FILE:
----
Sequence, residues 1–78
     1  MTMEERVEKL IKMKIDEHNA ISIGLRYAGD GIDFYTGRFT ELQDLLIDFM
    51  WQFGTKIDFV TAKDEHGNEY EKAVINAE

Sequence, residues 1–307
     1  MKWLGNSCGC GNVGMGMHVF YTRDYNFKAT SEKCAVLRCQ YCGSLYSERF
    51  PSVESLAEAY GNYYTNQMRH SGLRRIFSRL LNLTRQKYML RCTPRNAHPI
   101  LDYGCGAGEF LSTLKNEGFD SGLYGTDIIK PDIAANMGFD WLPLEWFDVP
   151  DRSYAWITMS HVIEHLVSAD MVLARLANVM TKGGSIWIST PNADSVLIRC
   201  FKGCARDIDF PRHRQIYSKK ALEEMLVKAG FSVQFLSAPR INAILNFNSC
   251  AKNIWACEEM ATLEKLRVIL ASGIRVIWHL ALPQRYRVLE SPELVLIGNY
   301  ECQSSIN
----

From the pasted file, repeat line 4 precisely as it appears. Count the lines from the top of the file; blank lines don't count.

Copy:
Sequence, residues 1–307